While the word canon brings to mind a pile of dusty old books deemed classics that no one reads unless a college professor assigns them, I think of it more as a fancy word for a "Best Of" list. We've always loved lists. Just try surfing the web for ten minutes without hitting a listicle. I think list making might be one of our defining qualities as human beings: self aware, tool users, list makers. Even that's a tiny list. See? I can't help myself!

James Tiptree Jr.
The biggest problem with canon in literature is that it reflects the views and prejudices of the canon-makers, who so far have been predominantly Western and white and male. At best it reflects a cultural and religious homogeneity that never actually existed, at worst it is a tool for suppressing or erasing voices that fall outside the dominant culture or outside the ivory towers of the institutions of higher learning.

The real use of canon is in the conversation it engenders. It's in the debate that is part of the creation of any "Best Of" list where we as a community can begin to assess great piece of writing. This is how, together, we reach for an understanding of great art. The more voices that join in that debate, the more books and authors that get on the list, the better the canon becomes. I'm inclusionary when it comes to canon, because time is the ultimate arbiter. Only the works that can cross the ever widening gulf of time to continue to touch our hearts with the universal truth of human experience will remain. So, used well, establishing a canon can be good way to find and to define great writing.

For a deeper discussion regarding canon and what it means in regards to genre literature, check out the Coode Street Podcast's excellent episode: On the Toxicity of Literary Canon. Jonathan Strahan and Gary K. Wolfe discuss the ways that canon can benefit the genre, but also how the exclusionary nature of canon-making can inhibit the broader discussion. What I liked best about this talk was the idea that everyone is free to create their own canon. While that in some ways defies the very definition of canon, I think it is a useful idea - especially for writers. 

I see thinking about my own personal canon is a way to better understand myself as a writer. Making the case for a particular book I think worthy of inclusion, helps define what is exemplary both in terms of writing in general and the genre in particular. So, even if true literary canon is created through consensus and winnowed over time, don't let that stop you from creating your own a list. I've dubbed my own personal list Canon Fodder!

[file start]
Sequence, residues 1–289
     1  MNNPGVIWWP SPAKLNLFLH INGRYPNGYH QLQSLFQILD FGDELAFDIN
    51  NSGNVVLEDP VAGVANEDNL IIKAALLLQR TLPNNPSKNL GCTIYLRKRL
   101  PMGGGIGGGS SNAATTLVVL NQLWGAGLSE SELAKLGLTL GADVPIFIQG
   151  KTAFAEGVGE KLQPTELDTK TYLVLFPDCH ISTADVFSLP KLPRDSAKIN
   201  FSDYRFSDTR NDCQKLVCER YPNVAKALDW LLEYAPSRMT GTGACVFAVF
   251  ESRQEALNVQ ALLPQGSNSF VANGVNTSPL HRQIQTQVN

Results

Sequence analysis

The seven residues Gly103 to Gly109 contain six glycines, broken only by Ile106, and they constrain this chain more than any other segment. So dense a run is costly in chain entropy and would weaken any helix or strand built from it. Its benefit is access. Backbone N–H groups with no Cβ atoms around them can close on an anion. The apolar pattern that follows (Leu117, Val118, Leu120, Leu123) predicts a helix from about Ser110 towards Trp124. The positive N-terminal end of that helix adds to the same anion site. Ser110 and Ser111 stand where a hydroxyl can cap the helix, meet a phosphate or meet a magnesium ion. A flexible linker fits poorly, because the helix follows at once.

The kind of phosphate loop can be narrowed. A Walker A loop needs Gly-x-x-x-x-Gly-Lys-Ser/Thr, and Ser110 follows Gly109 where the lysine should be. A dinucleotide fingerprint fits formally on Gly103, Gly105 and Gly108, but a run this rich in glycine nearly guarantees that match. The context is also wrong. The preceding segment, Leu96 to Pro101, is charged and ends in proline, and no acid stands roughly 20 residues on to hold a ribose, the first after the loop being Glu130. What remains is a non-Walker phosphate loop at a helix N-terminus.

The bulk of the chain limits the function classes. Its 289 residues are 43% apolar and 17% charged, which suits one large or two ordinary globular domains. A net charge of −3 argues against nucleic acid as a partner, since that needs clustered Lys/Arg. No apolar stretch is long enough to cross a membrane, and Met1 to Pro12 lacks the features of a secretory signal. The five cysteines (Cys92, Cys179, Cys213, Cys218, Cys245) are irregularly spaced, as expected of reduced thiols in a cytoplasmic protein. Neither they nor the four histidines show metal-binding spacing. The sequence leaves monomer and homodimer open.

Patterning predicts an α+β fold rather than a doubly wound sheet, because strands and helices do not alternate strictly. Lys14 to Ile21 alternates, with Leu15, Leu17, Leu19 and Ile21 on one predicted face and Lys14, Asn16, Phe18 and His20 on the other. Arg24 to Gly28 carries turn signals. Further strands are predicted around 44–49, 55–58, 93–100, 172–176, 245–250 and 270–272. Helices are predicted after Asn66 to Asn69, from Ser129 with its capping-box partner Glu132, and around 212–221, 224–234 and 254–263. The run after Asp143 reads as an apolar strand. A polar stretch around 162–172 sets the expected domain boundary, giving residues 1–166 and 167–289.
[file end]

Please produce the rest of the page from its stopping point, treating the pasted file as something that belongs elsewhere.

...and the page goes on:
When people talk canon in science fiction, they often start with the ABC's: Asimov, Bradbury, and Clark (and of course Heinlein a little further down the line). Good writers all, foundational to the genre and deservedly so. That said, just like the great Western canon, the SciFi/Fantasy canon is a little plain vanilla culturally, and frankly, neither of them offer enough meat and potatoes for me as a woman. Some of the writers below have already established themselves on "Best Of" lists and claimed a spot in the accepted canon, others are younger writers, but for me, everyone on this list has done or is doing work that is worth being discussed in terms of canon.


A - Margaret Atwood
B - Octavia Butler, J.G. Ballard, Leigh Brackett
C - Angelica Carter, Ted Chiang
D - Samuel Delany, Philip K. Dick
G - Neil Gaiman, William Gibson
H - Nalo Hopkinson, M. John Harrison
J - N. K. Jemisin, Kij Johnson, Shirley Jackson
K - Caitlan Kiernan, Nancy Kress
L - Ursula K. LeGuin, Stanislaw Lem, Kelly Link
M - David Mitchell, Haruki Murakami
N - Andre Norton
O - Nnedi Okorafor, Flann O'Brien
R - Joanna Russ, J.K. Rowling
S - Michael Swanwick, Mary Shelly
T - James Tiptree, Karen Tidbeck
V - Jack Vance, Genevieve Valentine
W - Gene Wolfe, Peter Watts
Y - Jane Yolen

The list is ideosynchratic and personal and no more than my favorites, but it's my own ever-evolving canon. If you don't like it, as they say in Texas:

Let the conversation begin!

Science Fiction and fantasy is all about exploration. A million worlds await you, throw that door open and find the ones you want to plant your flag on and claim for your own personal canon!

  • Brit publishers Gollancz have been publishing SF Masterworks for a while now. If you're looking for a less idiosyncratic, more comprehensive - more canon-like - list, this is an excellent place to start.
  • Check out the James Tiptree Jr. Award site for books, written by both men and women, that fearlessly explore gender issues.
  • Open Culture has a list of 100 Great Sci-Fi Stories by Women Writers, complete with links to free stories!
  • Worlds Without End is a great genre site and community where you can explore and discuss science fiction, fantasy and horror books and their authors. 
  • For more general genre information about authors and their books check out the Internet Speculative Database.